Rochus Misch, who served as Adolf Hitler's devoted bodyguard for most of the Second World War and was the last remaining witness to the Nazi leader's final hours in his Berlin bunker, has died at the age of 96.
Misch died in Berlin after a short illness, according to Burkhard Nachtigall, who helped him write his 2008 memoir.
Misch remained proud to the end about his years with Hitler, whom he affectionately called "boss". In a 2005 interview he recalled Hitler as "a very normal man" and gave a riveting account of the German dictator's last days before he and his wife Eva Braun killed themselves as the Soviet Red Army closed in around their bunker in Berlin.
"He was no brute. He was no monster. He was no superman," Misch said.
Born on July 29, 1917, in the tiny Silesian town of Alt Schalkowitz, in what today is Poland, Misch was orphaned at an early age. At 20, he decided to join the SS - an organisation he saw as a counterweight to a rising threat from the left. He signed up for the Leibstandarte SS Adolf Hitler, a unit founded to serve as Hitler's personal protection.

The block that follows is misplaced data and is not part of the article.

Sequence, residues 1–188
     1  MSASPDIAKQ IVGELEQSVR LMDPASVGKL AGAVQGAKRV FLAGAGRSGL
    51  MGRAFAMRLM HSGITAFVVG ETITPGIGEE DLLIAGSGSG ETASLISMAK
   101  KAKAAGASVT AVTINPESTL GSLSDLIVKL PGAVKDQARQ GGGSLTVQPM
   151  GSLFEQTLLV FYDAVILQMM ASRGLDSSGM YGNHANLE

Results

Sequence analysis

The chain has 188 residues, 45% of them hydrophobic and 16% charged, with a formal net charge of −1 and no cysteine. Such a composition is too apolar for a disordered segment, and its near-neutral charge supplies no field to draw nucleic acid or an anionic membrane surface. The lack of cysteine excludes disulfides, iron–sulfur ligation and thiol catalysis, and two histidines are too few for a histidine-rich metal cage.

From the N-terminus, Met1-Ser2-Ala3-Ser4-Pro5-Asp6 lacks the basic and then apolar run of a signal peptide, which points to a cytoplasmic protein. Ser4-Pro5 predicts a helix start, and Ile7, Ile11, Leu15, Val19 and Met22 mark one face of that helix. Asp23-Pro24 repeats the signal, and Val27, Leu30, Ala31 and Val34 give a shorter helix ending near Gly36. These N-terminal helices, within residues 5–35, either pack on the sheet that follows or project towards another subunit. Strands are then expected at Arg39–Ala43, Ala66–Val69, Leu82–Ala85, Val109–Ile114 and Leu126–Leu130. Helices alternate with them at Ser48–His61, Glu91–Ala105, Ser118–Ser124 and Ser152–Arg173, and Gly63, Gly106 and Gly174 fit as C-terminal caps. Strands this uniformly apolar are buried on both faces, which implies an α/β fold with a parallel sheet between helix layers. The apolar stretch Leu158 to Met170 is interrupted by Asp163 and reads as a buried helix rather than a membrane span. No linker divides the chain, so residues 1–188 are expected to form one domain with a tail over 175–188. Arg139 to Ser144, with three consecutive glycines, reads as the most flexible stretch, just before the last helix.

"It was anti-communist, against Stalin - to protect Europe," Misch said. "I signed up in the war against Bolshevism, not for Adolf Hitler."
Misch was shot and nearly killed serving with the SS in Poland, and was sent to Germany to recover. There, he was chosen in May 1940 as one of two SS men who would serve as Hitler's bodyguards and general assistants, doing everything from answering the telephones to greeting dignitaries.
Misch and comrade Johannes Hentschel accompanied Hitler almost everywhere he went - including his Alpine retreat in Berchtesgaden and his forward "Wolf's Lair" headquarters.
He lived between the Fuhrer's apartments in the New Reich Chancellery and the home in a working-class Berlin neighbourhood that he kept until his death.
"He was a wonderful boss," Misch said. "I lived with him for five years. We were the closest people who worked with him ... we were always there. Hitler was never without us day and night."